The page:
(Removes reference to Brazilian capital in fourth graf)
By Joan Magee
NEW YORK, Oct 8 (IFR) - Brazilian infrastructure groupInvestimentos e Participacoes em Infraestrutura (Invepar) isplanning a BRL2bn (USD908m) initial public offering that maylaunch at the end of January and price in early February, abanker on the trade said on Tuesday.
The IPO has been in the works for around two years, but thecompany is now pushing ahead as the World Cup and Olympics drawcloser, with marketing for the deal likely to start as soon asDecember.
Rio de Janeiro-based Invepar is controlled by Petros, thePetrobras employee pension fund workers, along with Previ, theemployee pension fund of state-owned Banco do Brasil and Funcef,the state-owned bank Caixa Economica Federal.
It won the concession to run the Sao Paulo internationalairport, which is expected to see traffic increase substantiallyduring the 2014 World Cup and the 2016 summer Olympics.
The outfit also owns the right to operate the Rio de Janeirosubway system and various lucrative toll roads.
"This deal, once all the paperwork and groundwork is laidout, should not be a difficult one to price, depending on howfriendly market conditions are when it decides to come tomarket," said a senior ECM banker in Sao Paulo.
Bank of America Merrill Lynch, Banco do Brasil, BTG Pactual,Bradesco, Citi, HSBC and Itau have been mandated to prepare thelisting, which would be a relatively large IPO in Brazil's weakequity market that has tumbled more than 14% this year.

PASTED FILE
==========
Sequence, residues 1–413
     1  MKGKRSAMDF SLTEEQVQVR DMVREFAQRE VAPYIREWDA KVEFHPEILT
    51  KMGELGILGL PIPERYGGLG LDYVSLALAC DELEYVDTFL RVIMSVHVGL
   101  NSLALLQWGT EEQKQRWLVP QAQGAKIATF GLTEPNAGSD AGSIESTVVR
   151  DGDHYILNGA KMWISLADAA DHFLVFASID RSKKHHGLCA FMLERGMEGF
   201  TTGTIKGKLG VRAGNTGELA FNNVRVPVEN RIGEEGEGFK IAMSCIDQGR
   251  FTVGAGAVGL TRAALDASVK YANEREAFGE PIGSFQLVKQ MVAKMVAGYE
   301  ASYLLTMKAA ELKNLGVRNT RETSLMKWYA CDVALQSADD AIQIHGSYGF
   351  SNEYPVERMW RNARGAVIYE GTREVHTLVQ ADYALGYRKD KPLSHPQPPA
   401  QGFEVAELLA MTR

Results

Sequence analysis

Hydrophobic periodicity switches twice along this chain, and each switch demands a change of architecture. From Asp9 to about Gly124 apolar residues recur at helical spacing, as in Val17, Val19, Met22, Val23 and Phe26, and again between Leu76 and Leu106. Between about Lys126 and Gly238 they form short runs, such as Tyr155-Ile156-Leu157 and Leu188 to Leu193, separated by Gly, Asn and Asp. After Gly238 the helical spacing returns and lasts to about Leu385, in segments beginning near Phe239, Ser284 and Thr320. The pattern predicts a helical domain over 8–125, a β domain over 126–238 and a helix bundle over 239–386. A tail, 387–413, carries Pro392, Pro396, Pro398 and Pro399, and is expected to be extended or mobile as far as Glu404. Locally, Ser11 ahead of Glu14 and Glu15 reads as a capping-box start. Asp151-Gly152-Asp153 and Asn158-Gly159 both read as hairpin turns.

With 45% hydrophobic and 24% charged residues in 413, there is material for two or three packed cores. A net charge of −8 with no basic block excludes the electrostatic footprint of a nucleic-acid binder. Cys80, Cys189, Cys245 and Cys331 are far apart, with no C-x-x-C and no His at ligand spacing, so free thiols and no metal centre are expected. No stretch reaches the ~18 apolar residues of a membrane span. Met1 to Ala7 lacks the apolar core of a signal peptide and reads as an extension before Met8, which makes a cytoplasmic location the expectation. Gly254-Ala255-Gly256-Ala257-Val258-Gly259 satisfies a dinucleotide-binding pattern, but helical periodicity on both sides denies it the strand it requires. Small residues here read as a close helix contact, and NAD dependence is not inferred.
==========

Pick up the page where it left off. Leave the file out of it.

Brazil has seen 19 equity issues price this year, for atotal of USD9.9bn, or 41.8%. Out of those, there were just fiveIPOs.
The biggest IPO globally this year was for insurance companyBB Seguridade, which priced a BRL11.48bn (USD5.75bn) deal inApril, selling 675m shares at BRL17 each.
The sole blowout of the year out of Brazil was softwarecompany Linx, which priced a R$527.9m (US$265m) at R$27 IPO inFebruary, at the top of the indicative R$23-$27 range.
The company was considered by investors to be a purelyBrazilian deal as it has not yet diversified to other markets.It was 20 times oversubscribed, banking sources said. (Reporting by Joan Magee; Editing by Natalie Harrison)